Just be sure to eat whole eggs. The benefits of eggs are primarily due to nutrients found in the yolk rather than the white.
5. Chia Seeds
Chia seeds are a wonderful food for people with diabetes.
They’re extremely high in fiber, yet low in digestible carbs.
In fact, 11 of the 12 grams of carbs in a 28-gram (1-ounce) serving of chia seeds are fiber, which doesn’t raise blood sugar
The viscous fiber in chia seeds can actually lower your blood sugar levels by slowing down the rate at which food moves through your gut and is absorbed.
Chia seeds may help you achieve a healthy weight because fiber reduces hunger and makes you feel full. Chia seeds may also help maintain glycemic management in individuals with diabetes.
A study involving 77 adults with obesity or overweight and diagnosed with type 2 diabetes found that chia seed consumption supports weight loss and helps maintain good glycemic control .
Additionally, chia seeds have been shown to help reduce blood pressure and inflammatory markers.
Beans are cheap, nutritious, and super healthy.
Beans are a type of legume rich in B vitamins, beneficial minerals (calcium, potassium, and magnesium), and fiber.
They also have a very low glycemic index, which is important for managing diabetes.
Beans may also help prevent diabetes.
In a study involving more than 3,000 participants at high risk for cardiovascular disease, those who had a higher consumption of legumes had a 35 percent reduced chance of developing type 2 diabetes
7. Greek Yogurt
Greek yogurt is a great dairy choice for people with diabetes.
Some research suggests that eating certain dairy products like yogurt may improve blood sugar management and reduce heart disease risk factors, perhaps partly due to the probiotics it contains.
Studies also indicate that yogurt consumption may be associated with lower levels of blood glucose and insulin resistance
A long-term study involving health data from over 100,000 participants found that a daily serving of yogurt was linked to an 18 percent lower risk of developing type 2 diabetes
It may also help you lose weight, if that’s a personal goal.
Studies show yogurt and other dairy foods may lead to weight loss and improved body composition in people with type 2 diabetes
The high levels of calcium, protein, and a special type of fat called conjugated linolic acid (CLA) found in yogurt may help reduce your appetite, making it easier to resist unhealthy foods
What’s more, Greek yogurt contains only 6–8 grams of carbs per serving, which is lower than conventional yogurt.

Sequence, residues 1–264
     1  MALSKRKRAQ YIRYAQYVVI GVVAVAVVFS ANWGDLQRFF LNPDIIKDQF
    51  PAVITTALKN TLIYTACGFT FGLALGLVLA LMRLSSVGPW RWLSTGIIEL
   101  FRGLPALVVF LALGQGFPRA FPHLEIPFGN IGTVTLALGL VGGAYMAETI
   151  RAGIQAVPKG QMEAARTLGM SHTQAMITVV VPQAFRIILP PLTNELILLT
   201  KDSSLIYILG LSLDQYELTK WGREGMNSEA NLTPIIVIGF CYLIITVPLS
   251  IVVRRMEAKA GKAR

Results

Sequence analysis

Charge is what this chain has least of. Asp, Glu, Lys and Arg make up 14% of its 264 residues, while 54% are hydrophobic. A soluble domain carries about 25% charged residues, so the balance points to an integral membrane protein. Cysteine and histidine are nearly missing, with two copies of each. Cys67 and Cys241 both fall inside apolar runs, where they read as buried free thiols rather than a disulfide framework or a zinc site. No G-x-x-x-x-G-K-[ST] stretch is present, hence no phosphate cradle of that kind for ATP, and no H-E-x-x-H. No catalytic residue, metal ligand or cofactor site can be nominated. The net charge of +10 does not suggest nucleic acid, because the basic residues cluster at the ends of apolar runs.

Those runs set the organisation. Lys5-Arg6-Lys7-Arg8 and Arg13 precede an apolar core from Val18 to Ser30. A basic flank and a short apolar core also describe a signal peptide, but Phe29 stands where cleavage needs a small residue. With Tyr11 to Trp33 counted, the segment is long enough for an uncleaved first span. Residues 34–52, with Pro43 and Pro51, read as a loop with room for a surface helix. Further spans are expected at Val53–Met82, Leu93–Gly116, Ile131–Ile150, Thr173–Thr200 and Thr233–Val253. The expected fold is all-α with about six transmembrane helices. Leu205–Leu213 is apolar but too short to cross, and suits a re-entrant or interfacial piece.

It’s also higher in protein, which may promote weight loss by reducing appetite and decreasing calorie intake
Nuts are delicious and nutritious.
All types of nuts contain fiber and are low in net carbs, although some have more than others.
Research on a variety of different nuts has shown that regular consumption may reduce inflammation and lower blood sugar, HbA1c (a marker for long-term blood sugar management) and LDL (bad) cholesterol levels
Nuts may also help people with diabetes improve their heart health.
A 2019 study involving over 16,000 participants with type 2 diabetes found that eating tree nuts — such as walnuts, almonds, hazelnuts and pistachios — lowered their risk of heart disease and death
Research also indicates that nuts can improve blood glucose levels.
A study in subjects with type 2 diabetes found that consumption of walnut oil daily improved blood glucose levels
This finding is important because people with type 2 diabetes often have elevated levels of insulin, which are linked to obesity
Broccoli is one of the most nutritious vegetables around.
A half cup of cooked broccoli contains only 27 calories and 3 grams of digestible carbs, along with important nutrients like vitamin C and magnesium .
What’s more, studies in people with diabetes have found that eating broccoli sprouts may help lower insulin levels and protect against cellular damage.
Broccoli may also help manage your blood sugar levels.
One study found that consuming broccoli sprouts led to a 10 percent reduction in blood glucose in people with diabetes
This reduction in blood glucose levels is likely due to sulforaphane, a chemical in cruciferous vegetables like broccoli and sprouts.